Do modern accessibility regulations go far enough to ensure fair access to all community members for public engagement activities? How can we design our planning processes to reach the broadest demographic?
Ensuring that community engagement opportunities are open to all residents is not only the law, it's also good for planning. Incorporating a diversity of viewpoints improves plans, facilitates implementation, and frankly leads to better communities that meet the needs of all residents. Unfortunately too often the accessibility discussion doesn't get out of first gear.
When it comes to ensuring open and inclusive public engagement, it's critical to understand the needs of residents as broadly as possible. When examining a range of possible methods that agencies can employ to gather public input, it quickly becomes evident that it’s far more than the visually-impaired that are at risk of being excluded.
The importance of this topic became evident when registration for the webinar on "Engaging Vulnerable & Disadvantaged People in Planning" grew to over twice the maximum capacity in a few days. Here is a snapshot of the most important lessons of the research that led up to that session.
A Toolkit Approach to Web Accessibility
It's true that much of the accessibility guidelines focus on people living with disabilities, so naturally that's a great place to start. The movement toward online engagement tools has meant that the discussion has become focussed on web accessibility standards. Online accessibly introduces a critical fork in the road. Best practices in online engagement lead us toward highly visual and interactive elements that can be awkward to deal with using screen readers and other assistive technology. Engaging the public using visual preference surveys, allowing people to place comments on an interactive map, or offering fun and interactive interfaces like drag and drop coin allocation screens are some of the many elements that make online engagement software tools popular and effective. These tools are visually appealing and fast for users. They also allow planners to better inform planning projects by quickly collecting a vast amount of public input.
These same elements present a challenging test when it comes to the web accessibility criteria. While it's easy to ensure that fonts are large enough for those with less than perfect vision and colors are not used in a way that put people with color blindness at a disadvantage, providing a workaround for people using screen readers to place comments on a map is a bigger challenge. It's true that even visually rich and interactive online engagement tools can technically meet the requirements by, for example, including text descriptions of images and other screen reader accessible options. It's also naïve to think that these options are equivalent to the experience provided to those without special needs. Furthermore, depending on the needs of both the project and community members, they may not even be the best alternatives for those with visual disabilities.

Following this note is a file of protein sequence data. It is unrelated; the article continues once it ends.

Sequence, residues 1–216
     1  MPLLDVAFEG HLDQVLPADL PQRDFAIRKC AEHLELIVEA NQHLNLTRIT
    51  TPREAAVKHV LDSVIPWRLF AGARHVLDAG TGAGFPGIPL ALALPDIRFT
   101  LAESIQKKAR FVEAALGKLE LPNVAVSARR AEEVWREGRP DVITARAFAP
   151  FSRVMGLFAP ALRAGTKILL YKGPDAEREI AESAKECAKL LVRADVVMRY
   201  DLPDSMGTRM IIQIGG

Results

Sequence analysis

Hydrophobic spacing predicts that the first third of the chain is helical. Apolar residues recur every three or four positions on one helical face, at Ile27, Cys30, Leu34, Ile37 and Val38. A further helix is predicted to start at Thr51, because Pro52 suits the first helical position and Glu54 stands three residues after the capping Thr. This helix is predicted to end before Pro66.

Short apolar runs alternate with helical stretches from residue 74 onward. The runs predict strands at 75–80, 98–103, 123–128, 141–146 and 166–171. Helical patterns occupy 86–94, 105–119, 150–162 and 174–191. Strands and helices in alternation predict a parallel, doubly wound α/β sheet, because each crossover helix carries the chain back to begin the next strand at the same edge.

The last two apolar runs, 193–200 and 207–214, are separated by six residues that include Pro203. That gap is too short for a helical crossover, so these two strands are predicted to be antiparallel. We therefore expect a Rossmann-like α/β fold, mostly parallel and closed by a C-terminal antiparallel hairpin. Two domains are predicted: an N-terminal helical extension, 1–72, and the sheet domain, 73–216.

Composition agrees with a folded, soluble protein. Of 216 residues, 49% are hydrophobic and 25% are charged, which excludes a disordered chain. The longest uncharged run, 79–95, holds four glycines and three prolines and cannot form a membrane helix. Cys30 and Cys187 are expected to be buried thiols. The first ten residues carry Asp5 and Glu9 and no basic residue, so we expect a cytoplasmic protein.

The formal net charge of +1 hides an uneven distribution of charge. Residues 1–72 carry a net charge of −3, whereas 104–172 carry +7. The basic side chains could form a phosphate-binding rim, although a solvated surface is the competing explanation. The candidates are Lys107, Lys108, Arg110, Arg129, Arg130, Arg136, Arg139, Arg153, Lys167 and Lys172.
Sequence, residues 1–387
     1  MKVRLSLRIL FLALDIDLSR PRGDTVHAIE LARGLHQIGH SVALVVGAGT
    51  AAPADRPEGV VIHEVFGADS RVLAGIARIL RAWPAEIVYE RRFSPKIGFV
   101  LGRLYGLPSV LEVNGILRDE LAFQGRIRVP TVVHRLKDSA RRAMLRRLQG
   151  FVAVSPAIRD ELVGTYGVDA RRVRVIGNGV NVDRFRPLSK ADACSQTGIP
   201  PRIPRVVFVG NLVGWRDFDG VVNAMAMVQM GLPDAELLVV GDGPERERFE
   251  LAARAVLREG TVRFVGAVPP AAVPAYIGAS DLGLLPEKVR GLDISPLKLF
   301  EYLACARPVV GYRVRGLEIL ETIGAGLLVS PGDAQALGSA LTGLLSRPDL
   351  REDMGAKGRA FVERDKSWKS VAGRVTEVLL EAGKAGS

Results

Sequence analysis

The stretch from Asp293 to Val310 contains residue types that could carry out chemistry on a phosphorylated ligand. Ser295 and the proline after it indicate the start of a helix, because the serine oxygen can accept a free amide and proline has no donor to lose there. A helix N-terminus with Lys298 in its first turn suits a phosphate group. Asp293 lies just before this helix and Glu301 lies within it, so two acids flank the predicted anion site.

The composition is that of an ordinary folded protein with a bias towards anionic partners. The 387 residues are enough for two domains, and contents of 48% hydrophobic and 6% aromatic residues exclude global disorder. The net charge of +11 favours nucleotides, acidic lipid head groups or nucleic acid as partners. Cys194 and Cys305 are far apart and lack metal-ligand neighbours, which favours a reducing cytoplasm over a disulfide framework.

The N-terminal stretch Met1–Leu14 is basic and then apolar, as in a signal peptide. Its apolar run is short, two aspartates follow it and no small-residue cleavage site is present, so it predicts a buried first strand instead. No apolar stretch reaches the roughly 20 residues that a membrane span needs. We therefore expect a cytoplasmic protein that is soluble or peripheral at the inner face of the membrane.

From May to July 2015 we conducted a review of case studies of planning projects using online engagement as a significant source of community input. The review compared the results of the online engagement processes to look for patterns and identify best practices. So what did we learn about these kinds of interactive elements? Should interactive elements be avoided? Based on the case studies we examined, certainly not. In fact, many of the most successful projects attribute much of their success to these visual and interactive features. The leading planning and engagement experts recognize that not every tool in their toolkit will necessarily meet the most stringent online accessibility standards. That said, they know, and have demonstrated, that to optimize overall engagement results, they need a strategy that provides options for all people to participate. And that may include a mix of technologies and approaches, even if some of the visually rich online tools don't meet certain web standards for accessibility. Here an analogy may help. The entrance to our office building has both a ramp and stairs. To accommodate the needs of people on wheels, the architects didn't remove the stairs. They added a ramp. No one approach is going to be best for everyone. It's about a variety of options to meet a diversity of needs.
Ashley Ver Burg from HDR in Minnesota deals with accessibility issues head on as she seeks to create the most effective digital engagement strategies for her clients. In a telephone interview we conducted in February 2016 she put it this way: